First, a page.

First, I figured out the easiest way to cook it was in the crockpot (because you don't have to handle it much, of course). I just plopped the bird (mine was approx. 3 1/2 pounds) in the crock and added enough water to cover the bird halfway. I added a quartered onion, and some parsley and thyme. Then I just let it go. It only took about three hours and it was falling off the bones! Next, I removed the chicken to a plate and stripped the skin off. I pulled out as many bones and junk as I could and threw it, with the skin back into the crock. I let this reduce into a nice little chicken stock. I then strained it and poured it into quart jars (this chicken made 2 quarts) and stored one in the freezer and one in the fridge! It turned out very dark and gelatinous (it tasted very good too)!

Now for the meat... I let the chicken cool and shredded all the meat. You could chop some, slice it, whatever... I used the white meat to make chicken salad, enchiladas, ect. For the dark meat, I added BBQ sauce and my husband had BBQ sandwhichs. I also found that I could add some of the dryer dark meat to the chicken salad and it didn't offend my palate (it's the slimy dark meat that I don't like)!

I was very satisfied that nothing went to waste. Also, having shredded chicken on hand made putting dinner together a cinch!

Saturday, January 9, 2010

New Year's Resolutions: Part 1

Well, it might be a little late to write about New Year resolutions since January is almost half over, but... oh well. I'm gonna do it anyway! After watching Food Inc., I decided I was going to try to do even better with our family's food supply. Starting with our meat. The information that I learned about how commercial poultry is raised was particularly disturbing to me. So I'm starting there! I used to buy Tyson, Purdue, and other big name brands of chicken. When we started to go more natural with our food, I was delighted that these same brands provided a "natural" alternative! Yay!

But wait. Read the package closely. What makes it "all natural"? When I took a closer look, I noticed that there was nothing on the package that said, "No antibiotics, No growth hormones, Not cloned, ect.". It just claimed to be natural- no more information! Usually these "natural" products were priced a little higher, so I was dissapointed that I was duped by this scam. But you live, you learn, right?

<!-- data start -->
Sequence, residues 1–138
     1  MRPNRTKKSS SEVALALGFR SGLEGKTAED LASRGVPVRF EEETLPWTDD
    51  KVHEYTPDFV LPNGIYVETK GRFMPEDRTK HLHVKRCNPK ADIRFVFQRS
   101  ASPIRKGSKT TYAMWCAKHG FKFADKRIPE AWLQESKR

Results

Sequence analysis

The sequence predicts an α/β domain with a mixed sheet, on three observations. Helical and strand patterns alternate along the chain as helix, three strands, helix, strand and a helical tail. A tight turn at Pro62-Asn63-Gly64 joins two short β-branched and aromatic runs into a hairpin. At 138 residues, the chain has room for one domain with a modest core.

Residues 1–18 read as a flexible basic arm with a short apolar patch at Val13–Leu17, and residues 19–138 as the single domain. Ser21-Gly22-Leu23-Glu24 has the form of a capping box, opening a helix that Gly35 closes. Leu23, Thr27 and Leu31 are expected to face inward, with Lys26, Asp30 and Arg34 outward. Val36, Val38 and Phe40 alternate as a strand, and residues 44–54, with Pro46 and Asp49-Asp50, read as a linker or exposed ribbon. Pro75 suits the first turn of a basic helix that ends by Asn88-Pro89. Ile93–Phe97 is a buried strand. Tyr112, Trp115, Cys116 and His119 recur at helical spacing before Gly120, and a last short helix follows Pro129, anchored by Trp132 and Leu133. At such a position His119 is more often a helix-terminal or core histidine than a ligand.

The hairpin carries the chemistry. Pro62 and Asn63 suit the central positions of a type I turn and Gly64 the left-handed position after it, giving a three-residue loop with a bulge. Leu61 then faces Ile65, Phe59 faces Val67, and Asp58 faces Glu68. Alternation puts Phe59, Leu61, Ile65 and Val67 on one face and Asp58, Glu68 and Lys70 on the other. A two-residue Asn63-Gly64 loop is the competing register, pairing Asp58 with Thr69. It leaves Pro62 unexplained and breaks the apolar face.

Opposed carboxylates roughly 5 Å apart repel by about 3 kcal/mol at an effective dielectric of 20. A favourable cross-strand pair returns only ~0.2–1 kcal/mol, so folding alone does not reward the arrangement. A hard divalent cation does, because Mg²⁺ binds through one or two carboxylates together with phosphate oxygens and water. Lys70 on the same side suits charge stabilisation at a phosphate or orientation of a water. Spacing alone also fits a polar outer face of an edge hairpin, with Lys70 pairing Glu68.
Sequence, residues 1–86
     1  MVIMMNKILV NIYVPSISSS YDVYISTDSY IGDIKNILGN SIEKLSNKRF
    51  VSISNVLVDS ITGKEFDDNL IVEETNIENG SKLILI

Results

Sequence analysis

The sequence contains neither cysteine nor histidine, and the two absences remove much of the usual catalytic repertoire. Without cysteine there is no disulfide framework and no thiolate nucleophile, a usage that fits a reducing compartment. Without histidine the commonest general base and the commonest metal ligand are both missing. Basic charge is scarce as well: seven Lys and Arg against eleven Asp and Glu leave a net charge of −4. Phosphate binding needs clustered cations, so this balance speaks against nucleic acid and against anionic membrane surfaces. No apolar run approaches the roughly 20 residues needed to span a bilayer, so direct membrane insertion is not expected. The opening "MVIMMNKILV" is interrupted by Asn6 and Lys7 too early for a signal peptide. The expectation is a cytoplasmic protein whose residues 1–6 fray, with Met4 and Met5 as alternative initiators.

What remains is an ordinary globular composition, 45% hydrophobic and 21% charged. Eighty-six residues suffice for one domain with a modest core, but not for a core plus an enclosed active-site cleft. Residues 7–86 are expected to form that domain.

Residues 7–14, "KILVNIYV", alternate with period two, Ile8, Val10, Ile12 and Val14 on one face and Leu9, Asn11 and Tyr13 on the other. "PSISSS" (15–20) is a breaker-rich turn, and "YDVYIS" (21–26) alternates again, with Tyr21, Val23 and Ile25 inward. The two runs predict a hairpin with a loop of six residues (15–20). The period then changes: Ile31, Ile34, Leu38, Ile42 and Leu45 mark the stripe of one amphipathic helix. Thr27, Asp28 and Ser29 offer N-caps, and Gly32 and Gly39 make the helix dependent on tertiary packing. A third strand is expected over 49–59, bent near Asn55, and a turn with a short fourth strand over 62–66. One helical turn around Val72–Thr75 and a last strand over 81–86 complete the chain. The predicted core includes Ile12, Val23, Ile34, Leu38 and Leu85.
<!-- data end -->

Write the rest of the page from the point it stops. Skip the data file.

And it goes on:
So I set out in search of a better chicken...

We don't have a Trader Joes or a decent co-op in our area. We do have ONE Whole Foods Market, but it is an hour drive, one way. There are some family farms that offer natural, free range chickens, but the price was a little out of our budget. The main source of shopping in our area is Walmart and a few limited grocery stores, which aren't usually stocked with natural foods. However, when you look really hard, sometimes you have some luck!

At our local Reasor's, I found a brand called Smart Chicken. Which claims to be hormone and antibiotic free, and naturally raised. They also offer an organic option. I have not tried this one yet.

At Target, I found a brand called Bare Natural. They have all the necessary requirements on their label as well. I have tried this brand several times when I found it super cheap on sale.

At Walmart, my mom found a brand called HarvestLand. This has been my favorite option, so far. It is truly all natural and it is raised on small farms (where the chickens are allowed to see the sunlight!). And it fits within our budget! I got whole chickens in this brand for $1.98 per pound! Compared to the local farm chickens that are $5.99 per pound, that is a good deal (although I would love to support these local farms, we just can't afford it right now. But I plan to keep looking for a better deal)!

So, I had to do some looking around but I managed to find a naturally healthy chicken that didn't have unusually large breasts for a decent price! Yay! That's one resolution- done!

(I'll let you know what I did with my whole chicken later. I'm a white meat girl, so a whole chicken was a challenge for me. But I managed to use every last bit of it!)

Food Inc.